Ideally, a social enterprise wouldn’t just turn a profit; it'd be a business that practices corporate social responsibility, helping the outside world without having to rely on donations or adhere to the same guidelines as traditional nonprofits.
Take, for instance, Husk Power Systems, a social enterprise that was just awarded some hefty funding. Husk develops affordable, environmentally efficient minigrids that supply on-demand power to rural parts of Asia and Africa. The utility distributor recently garnered $20 million in a funding round led by Shell Technology Ventures with an eye toward expanding into India and Tanzania and potentially serving an additional 100,000 customers with affordable renewable power.
Husk’s funding round validates both the demand and benefit sides of pursuing a social enterprise. Ultimately, these ventures can give business leaders the chance to look good, do good, turn profits and inspire others.
Give back, get back.
As nice as entrepreneurial altruism might sound on paper, the numbers still have to line up if a founder wants to properly make a go of it. A study by the University of Notre Dame’s Mendoza College of Business found that for CEOs, implementing corporate social responsibility practices can be a double-edged sword: If a company isn't performing well financially, the CEO gets the blame, of course. But CEOs at companies practicing CSR to a substantial degree are 84 percent likelier to be shown the door than leaders of firms with low social responsibility.
By contrast, for companies with healthy bottom lines, past investment in CSR correlates with their CEOs being 53 percent likelier to keep their jobs.
Therefore, it's important that if you add socially responsible practices to your business, you must ensure they'll also support the bottom line. Building a business with the betterment of people at its core will pay off if you incorporate the following strategies:
1. Spin your dreams into your mission.
Base your business on a long-held passion or dream that could benefit the public. Turn that vision into your mission statement, which can form the foundation of your culture and drive the enterprise's direction.
StartOut, a program of the Stanford University Graduate School of Business, began with a mission to advance LGBT entrepreneurial success but quickly shifted its focus to a social mission: ending discrimination against those who identify as lesbian, gay, bisexual and transgender.
StartOut saw an opportunity to pivot toward a new, fruitful opportunity that was a passion for its founders and that could also serve an underrepresented demographic. The StartOut social enterprise gave employees the ability to promote company virtues through networking events and amassed more than 15,000 attendees.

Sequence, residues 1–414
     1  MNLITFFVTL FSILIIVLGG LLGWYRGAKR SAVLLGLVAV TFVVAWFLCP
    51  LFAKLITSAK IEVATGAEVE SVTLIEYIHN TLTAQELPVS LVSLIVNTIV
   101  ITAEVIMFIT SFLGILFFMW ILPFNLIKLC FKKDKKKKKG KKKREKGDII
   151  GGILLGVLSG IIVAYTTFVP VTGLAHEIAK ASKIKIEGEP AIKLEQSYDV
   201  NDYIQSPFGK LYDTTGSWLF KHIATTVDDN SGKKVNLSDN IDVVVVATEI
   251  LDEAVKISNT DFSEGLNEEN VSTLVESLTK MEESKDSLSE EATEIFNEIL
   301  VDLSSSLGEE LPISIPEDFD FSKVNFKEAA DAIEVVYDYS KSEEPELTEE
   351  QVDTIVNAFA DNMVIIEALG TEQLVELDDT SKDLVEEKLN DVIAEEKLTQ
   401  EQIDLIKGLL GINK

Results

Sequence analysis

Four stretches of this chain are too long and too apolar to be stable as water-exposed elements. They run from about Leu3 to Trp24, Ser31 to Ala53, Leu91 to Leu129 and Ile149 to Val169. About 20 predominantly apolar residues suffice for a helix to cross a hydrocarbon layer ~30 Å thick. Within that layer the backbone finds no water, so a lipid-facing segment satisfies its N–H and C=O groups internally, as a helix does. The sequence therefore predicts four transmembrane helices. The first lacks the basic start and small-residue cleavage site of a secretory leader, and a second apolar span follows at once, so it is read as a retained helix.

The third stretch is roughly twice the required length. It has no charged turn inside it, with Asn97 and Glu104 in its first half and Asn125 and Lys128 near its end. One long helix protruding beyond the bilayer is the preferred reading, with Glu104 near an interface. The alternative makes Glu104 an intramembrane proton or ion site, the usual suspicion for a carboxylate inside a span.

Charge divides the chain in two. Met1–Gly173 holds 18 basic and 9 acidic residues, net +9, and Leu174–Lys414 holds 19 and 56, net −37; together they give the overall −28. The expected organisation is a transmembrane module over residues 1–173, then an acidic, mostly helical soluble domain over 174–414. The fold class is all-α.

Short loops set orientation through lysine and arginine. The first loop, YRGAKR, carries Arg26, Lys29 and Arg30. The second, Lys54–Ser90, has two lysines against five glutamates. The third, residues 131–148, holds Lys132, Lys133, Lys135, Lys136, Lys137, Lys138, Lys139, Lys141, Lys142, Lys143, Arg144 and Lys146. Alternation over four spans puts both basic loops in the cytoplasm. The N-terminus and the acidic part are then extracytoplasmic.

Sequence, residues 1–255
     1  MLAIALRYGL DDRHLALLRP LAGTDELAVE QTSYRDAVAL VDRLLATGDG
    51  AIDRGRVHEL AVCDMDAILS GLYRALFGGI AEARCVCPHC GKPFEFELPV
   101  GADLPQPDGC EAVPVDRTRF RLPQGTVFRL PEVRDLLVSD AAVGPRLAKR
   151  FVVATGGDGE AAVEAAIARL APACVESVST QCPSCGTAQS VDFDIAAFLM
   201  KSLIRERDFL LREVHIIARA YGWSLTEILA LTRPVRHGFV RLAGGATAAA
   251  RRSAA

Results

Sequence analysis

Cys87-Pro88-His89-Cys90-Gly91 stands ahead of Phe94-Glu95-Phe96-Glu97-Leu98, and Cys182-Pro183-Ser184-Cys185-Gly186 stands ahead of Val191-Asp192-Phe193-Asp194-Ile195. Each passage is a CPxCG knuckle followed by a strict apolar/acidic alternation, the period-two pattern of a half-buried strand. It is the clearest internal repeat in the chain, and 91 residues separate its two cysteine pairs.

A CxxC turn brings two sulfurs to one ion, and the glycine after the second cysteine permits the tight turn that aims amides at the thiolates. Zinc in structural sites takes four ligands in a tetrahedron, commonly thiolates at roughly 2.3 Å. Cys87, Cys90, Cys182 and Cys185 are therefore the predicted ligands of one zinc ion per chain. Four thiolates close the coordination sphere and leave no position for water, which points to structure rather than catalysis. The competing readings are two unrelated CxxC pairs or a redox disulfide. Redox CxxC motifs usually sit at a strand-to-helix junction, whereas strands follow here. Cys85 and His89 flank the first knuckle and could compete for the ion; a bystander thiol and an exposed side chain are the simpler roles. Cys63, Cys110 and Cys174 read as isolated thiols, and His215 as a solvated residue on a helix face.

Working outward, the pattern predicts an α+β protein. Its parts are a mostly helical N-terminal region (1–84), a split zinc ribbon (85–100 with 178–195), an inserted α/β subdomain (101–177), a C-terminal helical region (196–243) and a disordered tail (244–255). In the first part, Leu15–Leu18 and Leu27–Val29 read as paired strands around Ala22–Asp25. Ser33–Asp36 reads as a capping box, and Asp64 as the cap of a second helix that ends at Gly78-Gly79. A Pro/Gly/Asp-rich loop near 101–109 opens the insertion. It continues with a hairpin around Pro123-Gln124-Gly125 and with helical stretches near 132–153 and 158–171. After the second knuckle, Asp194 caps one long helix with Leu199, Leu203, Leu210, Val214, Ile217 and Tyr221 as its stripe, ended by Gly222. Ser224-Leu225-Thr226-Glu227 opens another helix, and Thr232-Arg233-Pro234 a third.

When attaching a personal passion to your social enterprise, communicate how this mission affects you, how it can impact your company culture and how it can serve a designated community. Instill your company's values in employees throughout the organization, from the ground level to the C-suite. Making these connections will help you establish your enterprise's "why," which can increase employee buy-in and show customers what their patronage supports.
2. Revamp your technology with the greater good in mind.
Don’t be afraid to replace outdated technology to help both your current and potential clients. When you're assessing your technology, ensure that any upgrades will add measurable value to not only your customers, but also the greater good.
Consider Free Code Camp, an online community teaching people around the world how to code while simultaneously assisting nonprofit organizations. Upon completing 1,200 hours of coding training challenges, participants begin supervised projects for nonprofit organizations. To date, the open-source community has provided more than $1 million worth of pro bono coding. Free Code is using its platform to continually reinvest in tech by training new generations of coders.
Keep a finger on your target audience's pulse, and determine how updating your company's tech can better serve the enterprise's cause and its bottom line. Look for ways to optimize or automate your tech in order to keep the customer experience positive, support your social mission and maintain your initiative's forward momentum.
3. Give proven tech a new philosophical spin.
Distractions are all around us, and focus is in short supply. For your social impact company to stand out, align it with a familiar tech or innovation, then use it in an inventive way that’s helpful to the community at large.
Users are familiar with Uber's and Lyft’s standard ride-hailing offerings, but each competitor has also thrown its respective ride-sharing services into the health field. Both companies are partnering with healthcare providers to assist patients traveling to and from doctors’ appointments. This provides a service to the public and helps hospitals mitigate the $150 billion that, according to healthcare technology firm SCI Solutions, they lose each year on missed appointments.
The number of applications that exist for ride-sharing technology makes Uber's and Lyft’s separate ventures into social enterprise a welcome development. If your company uses tech in a saturated arena, think about what complementary uses for it could benefit the public, build goodwill and ultimately boost your business.
A business’s success depends solely upon its customers. Social enterprises create a unique win-win-win scenario for companies, customers and the public at large. Done right, a social enterprise will not only do well financially, but will also "do good" socially.